Email is generally very secure, but that doesn’t exactly mean it’s free of risk, especially when you’re sending sensitive information in attachments.
The risk of someone hacking into an email account or just snooping around on an open office computer is sometimes just too high – which creates the need for password-protected emails and attachments.
Sending documents securely via Gmail is an important part of keeping your account, your workplace, and your entire life secure. After all, email does play a central role in every part of our lives, even if we don’t think about it way.
You have two options for password-protecting attachments in Gmail messages:
- Add a password encryption to the file on your computer before attaching it to the email.
- Use Confidential Mode to lock down the entire email.
Below, we break down both methods of protecting Gmail attachments.
How Do You Password Protect Files to use as Email Attachments?
If you only want the attachment in your emails to be protected and not the email message, you’ll have to leave Gmail behind for a second and encrypt your files.
Below, we break down the process for password-protecting documents on Mac OS and Windows 10.
Password Protecting Documents on Mac
Encrypting files on Mac computers is rather simple, especially if they’re PDFs. Follow these steps to password-protect a PDF on an Apple computer:
- Open Finder, then open the PDF in previewer.
- Click “File”, then “Export”.
- In the export window, make sure to check the box for “Encrypt”.
- Set a password for your encrypted file, then click “Save”.
If you want to encrypt a file that isn’t a PDF, follow these steps:
- Open Finder.
- Open the file you wish to encrypt in Pages.
- In the top left corner of your screen, click “File”.
- Scroll down and click “Set Password”.
- Choose a password for your file and click “Set Password” again.
Password Protecting Documents on Windows PCs in Microsoft Word
If you use a Windows computer, follow these steps to encrypt documents and protect them with a password:
- Open the file you want to protect in Microsoft Word (or Excel for spreadsheets)
- Click “File”
- Click “Info”, then “Protect Document”
- Click “Encrypt With Password”
- Enter a password, then click “Okay”.
Now, your document is locked behind a password. When someone wants to access it, they will have to open it using the same program (Microsoft Word or Excel) and enter the password.
This means that it can be a headache using this method to send protected documents to people who don’t use Microsoft Office. But, if you and the recipient both use Office, it’s the best way to do it.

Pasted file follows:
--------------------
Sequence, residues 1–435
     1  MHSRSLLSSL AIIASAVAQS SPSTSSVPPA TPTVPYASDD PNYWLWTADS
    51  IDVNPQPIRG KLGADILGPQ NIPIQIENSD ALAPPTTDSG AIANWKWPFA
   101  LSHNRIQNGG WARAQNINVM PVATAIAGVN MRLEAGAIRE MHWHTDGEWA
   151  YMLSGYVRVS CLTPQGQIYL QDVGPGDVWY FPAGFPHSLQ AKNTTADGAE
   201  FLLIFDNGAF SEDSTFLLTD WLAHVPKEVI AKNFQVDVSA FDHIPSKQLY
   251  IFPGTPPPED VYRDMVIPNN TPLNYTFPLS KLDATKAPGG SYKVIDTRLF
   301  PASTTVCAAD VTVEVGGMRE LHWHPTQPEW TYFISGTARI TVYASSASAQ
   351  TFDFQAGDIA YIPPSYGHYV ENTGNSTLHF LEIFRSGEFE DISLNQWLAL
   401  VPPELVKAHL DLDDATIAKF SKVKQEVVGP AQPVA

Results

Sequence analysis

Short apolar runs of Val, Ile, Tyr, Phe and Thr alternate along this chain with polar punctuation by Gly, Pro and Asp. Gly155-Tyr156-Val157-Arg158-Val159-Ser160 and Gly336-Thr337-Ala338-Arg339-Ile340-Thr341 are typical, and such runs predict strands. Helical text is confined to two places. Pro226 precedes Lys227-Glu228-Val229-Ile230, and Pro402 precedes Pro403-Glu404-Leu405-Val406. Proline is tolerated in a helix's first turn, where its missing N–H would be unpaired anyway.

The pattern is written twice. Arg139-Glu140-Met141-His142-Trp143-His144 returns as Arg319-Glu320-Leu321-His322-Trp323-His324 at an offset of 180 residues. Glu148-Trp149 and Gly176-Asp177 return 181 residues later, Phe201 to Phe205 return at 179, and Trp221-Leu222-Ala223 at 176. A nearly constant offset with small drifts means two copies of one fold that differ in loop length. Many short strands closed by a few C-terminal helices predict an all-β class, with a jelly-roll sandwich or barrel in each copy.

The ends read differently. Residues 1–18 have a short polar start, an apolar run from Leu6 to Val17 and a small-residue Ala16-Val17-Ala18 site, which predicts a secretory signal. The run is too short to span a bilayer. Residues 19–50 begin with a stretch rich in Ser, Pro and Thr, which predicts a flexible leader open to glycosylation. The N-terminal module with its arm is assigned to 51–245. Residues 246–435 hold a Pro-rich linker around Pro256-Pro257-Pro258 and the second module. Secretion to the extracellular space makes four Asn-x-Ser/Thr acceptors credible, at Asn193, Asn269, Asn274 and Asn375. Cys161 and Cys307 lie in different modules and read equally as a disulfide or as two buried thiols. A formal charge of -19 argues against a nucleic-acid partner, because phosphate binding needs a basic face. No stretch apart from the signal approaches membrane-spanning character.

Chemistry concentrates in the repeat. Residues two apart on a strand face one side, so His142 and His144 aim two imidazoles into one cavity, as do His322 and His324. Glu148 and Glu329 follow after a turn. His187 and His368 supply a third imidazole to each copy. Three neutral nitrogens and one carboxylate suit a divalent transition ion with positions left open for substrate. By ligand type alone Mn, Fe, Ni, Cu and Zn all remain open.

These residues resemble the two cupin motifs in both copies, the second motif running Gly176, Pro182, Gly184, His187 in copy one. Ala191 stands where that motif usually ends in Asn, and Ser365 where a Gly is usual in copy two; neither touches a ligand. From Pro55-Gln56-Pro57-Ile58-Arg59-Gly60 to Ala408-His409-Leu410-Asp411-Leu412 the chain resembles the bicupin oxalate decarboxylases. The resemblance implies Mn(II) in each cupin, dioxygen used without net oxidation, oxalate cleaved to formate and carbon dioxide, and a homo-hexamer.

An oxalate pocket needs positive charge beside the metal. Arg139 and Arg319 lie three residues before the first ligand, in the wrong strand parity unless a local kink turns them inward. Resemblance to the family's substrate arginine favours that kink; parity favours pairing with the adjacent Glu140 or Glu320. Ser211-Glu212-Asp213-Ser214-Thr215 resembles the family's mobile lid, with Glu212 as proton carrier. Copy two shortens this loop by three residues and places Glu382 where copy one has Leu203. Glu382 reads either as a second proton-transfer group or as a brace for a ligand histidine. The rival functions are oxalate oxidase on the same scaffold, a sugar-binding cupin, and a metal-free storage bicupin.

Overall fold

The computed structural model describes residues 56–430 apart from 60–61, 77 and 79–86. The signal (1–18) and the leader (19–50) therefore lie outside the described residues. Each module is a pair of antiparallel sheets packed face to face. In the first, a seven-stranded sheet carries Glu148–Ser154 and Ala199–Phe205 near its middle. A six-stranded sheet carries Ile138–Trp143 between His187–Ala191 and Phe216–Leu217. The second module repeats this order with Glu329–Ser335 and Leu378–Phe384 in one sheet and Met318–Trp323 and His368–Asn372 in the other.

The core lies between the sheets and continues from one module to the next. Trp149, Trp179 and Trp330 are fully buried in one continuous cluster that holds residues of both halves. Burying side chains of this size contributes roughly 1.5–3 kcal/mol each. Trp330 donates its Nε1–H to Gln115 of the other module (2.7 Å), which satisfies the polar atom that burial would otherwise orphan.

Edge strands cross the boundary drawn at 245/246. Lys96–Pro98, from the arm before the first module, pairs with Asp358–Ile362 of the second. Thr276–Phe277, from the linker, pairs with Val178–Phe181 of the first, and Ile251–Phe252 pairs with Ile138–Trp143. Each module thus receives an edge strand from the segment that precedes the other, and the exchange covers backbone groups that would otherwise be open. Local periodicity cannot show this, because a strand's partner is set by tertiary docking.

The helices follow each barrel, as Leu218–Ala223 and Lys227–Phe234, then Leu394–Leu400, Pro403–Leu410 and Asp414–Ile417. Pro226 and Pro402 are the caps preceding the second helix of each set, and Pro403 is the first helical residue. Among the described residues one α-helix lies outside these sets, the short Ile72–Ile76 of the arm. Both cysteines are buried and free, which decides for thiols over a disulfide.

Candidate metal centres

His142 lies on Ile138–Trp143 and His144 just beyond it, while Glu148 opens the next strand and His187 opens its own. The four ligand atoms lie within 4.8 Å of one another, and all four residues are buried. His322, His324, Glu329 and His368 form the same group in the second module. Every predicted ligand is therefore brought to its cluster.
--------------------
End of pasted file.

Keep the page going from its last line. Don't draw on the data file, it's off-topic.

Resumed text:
How to Password Protect an Entire Email in Gmail
This might be the easiest way to make sure your email attachments are never accessed or retrieved by the wrong people, and the most secure.
The only downside is that attachments in emails sent this way cannot be downloaded. So, if you need to send a sensitive document for the recipient to download and use rather than simply view, you should encrypt the document, not the email.
You can use Confidential Mode on Gmail to make sure that no one other than the person you send the email to can view or download any information inside.
- Click “Compose” to start a new email.
- In the bottom of the window, click the “Confidential” icon to turn on Confidential Mode.
- Choose an expiration date and for your confidential email.
- Click “Save”.
- Compose, add attachments, and send your email.
- Before the email is sent, you will have to enter the recipient’s phone number so that they can receive a One-Time-Passcode to access the email.
This method doesn’t technically lock down the attachments, but it does prevent anyone who doesn’t have the password from being able to view or download the attachments.
So, while the attachment itself isn’t locked behind a password, it’s essentially inside a “box” that is locked – the email.
After the expiration date, the email and its contents – attachments included – will be inaccessible, permanently protecting any sensitive information.
How to Open a Confidential Email in Gmail
If you are the recipient of a confidential email in Gmail, you need to have your cell phone handy if you want to open it.
When you try to open the email, you’ll see a message like this pop up:
Once you click to verify, you’ll get a text message with a One-Time-Passcode. Enter that passcode to view the email.
FAQ: Password-Protected Attachments in Gmail
When you send an email in Confidential Mode, the recipient will be required to verify their identity with their phone number before they can view the contents.
If you are attaching a protected document, the safest way to share the password is through a text message or email.
You can password-protect PDFs using the PDF reader on your computer (for most people, this will be Adobe Acrobat Reader). Once the file is protected
Gmail’s confidential mode allows you to send secure information, whether in the email itself or as an attachment, protected by a password and an expiration date. The emails are encrypted and impossible to open without the password.
The password is common sense, but the expiration adds another layer of security. For example, if someone illegally gets access to the recipient’s email account and finds the password for a confidential email, they still won’t be able to access the attachments because the email won’t exist anymore.